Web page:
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Judge: Ex-inmate can't sue the state over HIV

(ran PW edition of Pasco Times)

The lawsuit by an inmate who says he was infected after being ordered to clean up blood is dismissed.

If a Zephyrhills Correctional Institution guard ordered an inmate to clean up AIDS-infected blood without adequate protection, the state of Florida can't be held accountable if he caught the deadly disease, a judge ruled Tuesday.

Citing a state law that specifically protects the state of Florida from being sued for improper conduct of its employees, Circuit Judge Maynard Swanson dismissed a suit brought by former inmate Richard James Randles, 35.

Swanson's ruling stunned Randles' Orlando civil rights attorney, Steven Mason, who vowed to take the case to the 2nd District Court of Appeal in Lakeland.

"It makes me want to throw up," he said as he left the courthouse. "I'm going to file my notice of appeal the moment that order is signed . . . If I don't win at the DCA, I'll go to the Supreme Court."

In the civil lawsuit he filed against the state last year, Randles alleged that Capt. B.D. Hester of the prison staff forced him to clean blood from inmates infected with HIV, the virus that causes AIDS, as part of his chores in the prison infirmary.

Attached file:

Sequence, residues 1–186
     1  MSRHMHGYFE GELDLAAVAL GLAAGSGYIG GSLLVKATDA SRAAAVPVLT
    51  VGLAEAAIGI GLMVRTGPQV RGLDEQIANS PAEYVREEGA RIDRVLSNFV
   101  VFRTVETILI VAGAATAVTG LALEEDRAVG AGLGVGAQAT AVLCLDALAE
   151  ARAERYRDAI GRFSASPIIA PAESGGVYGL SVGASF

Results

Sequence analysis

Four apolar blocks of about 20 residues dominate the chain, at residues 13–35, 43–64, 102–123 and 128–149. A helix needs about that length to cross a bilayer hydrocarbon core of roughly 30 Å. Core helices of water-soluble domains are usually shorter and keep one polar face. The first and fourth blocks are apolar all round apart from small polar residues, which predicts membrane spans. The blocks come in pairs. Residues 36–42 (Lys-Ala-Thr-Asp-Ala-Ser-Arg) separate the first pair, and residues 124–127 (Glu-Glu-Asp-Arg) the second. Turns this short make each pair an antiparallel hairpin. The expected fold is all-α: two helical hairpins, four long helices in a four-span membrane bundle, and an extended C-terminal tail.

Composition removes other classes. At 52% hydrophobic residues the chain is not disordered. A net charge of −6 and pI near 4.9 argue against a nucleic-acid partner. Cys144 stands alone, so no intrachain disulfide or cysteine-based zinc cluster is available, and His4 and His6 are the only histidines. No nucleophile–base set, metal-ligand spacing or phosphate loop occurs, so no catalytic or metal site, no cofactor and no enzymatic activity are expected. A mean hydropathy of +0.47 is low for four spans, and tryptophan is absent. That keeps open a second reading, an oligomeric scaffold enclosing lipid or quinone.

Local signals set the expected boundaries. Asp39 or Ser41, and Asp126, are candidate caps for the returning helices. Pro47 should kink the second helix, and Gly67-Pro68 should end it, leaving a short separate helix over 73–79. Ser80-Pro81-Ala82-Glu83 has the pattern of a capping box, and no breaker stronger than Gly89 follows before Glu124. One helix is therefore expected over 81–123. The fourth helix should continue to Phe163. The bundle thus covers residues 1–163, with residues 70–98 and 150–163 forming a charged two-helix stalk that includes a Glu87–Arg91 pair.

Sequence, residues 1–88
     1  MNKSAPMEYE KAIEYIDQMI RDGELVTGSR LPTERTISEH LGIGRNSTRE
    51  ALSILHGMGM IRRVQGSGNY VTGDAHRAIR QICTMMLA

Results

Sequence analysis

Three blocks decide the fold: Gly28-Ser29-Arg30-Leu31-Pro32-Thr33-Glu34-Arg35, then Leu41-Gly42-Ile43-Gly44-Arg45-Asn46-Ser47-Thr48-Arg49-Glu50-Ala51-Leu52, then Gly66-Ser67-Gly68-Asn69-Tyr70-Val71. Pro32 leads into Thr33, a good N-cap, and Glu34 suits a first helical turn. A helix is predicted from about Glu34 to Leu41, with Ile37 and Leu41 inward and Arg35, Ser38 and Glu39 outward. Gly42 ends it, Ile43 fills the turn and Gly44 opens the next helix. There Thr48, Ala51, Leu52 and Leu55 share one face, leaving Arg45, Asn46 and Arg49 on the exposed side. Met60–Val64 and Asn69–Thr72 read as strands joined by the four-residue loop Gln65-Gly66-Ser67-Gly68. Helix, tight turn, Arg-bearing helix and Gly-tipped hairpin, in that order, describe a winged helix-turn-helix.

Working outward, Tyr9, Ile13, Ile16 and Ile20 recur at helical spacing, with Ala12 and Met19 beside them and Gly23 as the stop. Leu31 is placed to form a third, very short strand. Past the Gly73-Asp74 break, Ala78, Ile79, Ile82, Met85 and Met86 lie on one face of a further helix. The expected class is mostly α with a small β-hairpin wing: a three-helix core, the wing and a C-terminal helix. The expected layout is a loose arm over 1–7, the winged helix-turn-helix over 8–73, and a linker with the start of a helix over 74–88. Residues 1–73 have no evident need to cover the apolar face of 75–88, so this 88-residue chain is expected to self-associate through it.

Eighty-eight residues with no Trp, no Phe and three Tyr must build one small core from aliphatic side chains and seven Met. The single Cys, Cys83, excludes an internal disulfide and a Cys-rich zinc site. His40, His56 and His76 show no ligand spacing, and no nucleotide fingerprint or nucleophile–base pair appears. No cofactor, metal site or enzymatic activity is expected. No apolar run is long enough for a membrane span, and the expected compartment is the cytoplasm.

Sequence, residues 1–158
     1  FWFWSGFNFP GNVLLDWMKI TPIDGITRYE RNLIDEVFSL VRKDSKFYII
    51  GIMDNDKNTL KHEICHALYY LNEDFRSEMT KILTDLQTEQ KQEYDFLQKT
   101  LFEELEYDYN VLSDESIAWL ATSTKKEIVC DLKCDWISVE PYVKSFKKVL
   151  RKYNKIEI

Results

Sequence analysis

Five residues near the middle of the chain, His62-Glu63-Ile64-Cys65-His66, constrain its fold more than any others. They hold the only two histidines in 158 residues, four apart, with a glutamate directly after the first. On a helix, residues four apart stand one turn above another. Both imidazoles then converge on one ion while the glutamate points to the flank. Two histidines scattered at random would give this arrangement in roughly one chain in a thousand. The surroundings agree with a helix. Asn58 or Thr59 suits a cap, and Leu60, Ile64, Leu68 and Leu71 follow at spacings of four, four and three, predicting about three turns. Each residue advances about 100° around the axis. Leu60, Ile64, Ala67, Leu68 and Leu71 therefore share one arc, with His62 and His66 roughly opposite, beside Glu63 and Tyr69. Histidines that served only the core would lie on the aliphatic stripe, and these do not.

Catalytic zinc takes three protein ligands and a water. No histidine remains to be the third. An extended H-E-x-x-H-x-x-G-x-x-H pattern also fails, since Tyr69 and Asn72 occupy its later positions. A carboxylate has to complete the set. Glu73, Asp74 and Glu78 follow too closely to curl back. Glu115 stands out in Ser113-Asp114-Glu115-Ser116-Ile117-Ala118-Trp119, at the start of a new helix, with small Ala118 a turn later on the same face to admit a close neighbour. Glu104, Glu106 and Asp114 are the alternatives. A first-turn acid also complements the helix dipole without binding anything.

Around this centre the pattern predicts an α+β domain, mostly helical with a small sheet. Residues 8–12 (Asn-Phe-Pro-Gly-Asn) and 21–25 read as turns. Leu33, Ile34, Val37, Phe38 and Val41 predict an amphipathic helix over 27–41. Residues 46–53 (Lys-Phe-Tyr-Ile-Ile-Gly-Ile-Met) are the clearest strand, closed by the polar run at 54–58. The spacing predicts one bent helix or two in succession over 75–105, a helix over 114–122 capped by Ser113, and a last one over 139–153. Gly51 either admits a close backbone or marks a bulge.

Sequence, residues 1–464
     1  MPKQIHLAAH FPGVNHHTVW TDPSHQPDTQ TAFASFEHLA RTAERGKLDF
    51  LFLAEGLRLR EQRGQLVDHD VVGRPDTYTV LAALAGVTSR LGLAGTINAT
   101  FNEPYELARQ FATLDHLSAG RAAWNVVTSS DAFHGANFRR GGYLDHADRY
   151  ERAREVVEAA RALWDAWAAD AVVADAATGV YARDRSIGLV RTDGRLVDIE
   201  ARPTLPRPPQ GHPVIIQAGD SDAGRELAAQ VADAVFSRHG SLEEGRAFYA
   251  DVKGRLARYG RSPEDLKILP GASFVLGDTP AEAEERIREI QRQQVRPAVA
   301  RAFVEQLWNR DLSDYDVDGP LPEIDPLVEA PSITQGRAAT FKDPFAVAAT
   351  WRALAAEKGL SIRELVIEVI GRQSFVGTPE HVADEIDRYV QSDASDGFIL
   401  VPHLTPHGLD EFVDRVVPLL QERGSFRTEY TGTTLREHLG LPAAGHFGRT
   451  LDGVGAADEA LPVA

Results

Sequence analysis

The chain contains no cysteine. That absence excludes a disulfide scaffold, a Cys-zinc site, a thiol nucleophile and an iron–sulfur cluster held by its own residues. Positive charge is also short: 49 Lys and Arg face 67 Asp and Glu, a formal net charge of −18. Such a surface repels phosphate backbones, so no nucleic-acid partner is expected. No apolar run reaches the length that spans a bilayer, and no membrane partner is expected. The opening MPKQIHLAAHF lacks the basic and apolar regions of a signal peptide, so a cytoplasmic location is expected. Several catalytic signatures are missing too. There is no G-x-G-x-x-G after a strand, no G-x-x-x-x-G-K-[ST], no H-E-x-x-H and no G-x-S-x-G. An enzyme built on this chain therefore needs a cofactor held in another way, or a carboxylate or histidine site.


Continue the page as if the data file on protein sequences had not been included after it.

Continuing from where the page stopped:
In the suit, Randles claimed that on at least three occasions he had to clean spilled blood without proper protective equipment _ at least once with torn gloves _ and as a result he contracted HIV.

His attorney said Tuesday Randles has been living a normal life since his release from prison last year after doing time for possession and sale of cocaine. Randles is on medication and has not developed AIDS.

The state has never denied Randles' accusation, choosing instead to argue the technical aspects of the case and dispute Randles' right to sue a state government.

After Tuesday's hearing, Assistant Attorney General Locksley Wade had no comment other than to declare victory.

Wade told the judge during Tuesday's hearing that state law protects the state from suits filed as the result of employees who overstep their duties.

He compared an unlawful order to clean up blood unprotected to the case of a prison guard who raped an inmate. Under the law, the inmate who had been raped would not be allowed to sue the state for the attack, Wade said.

"What could the (corrections) department have done to have prevented this from occurring?" Swanson asked. "In light of the statute, this case will be dismissed."

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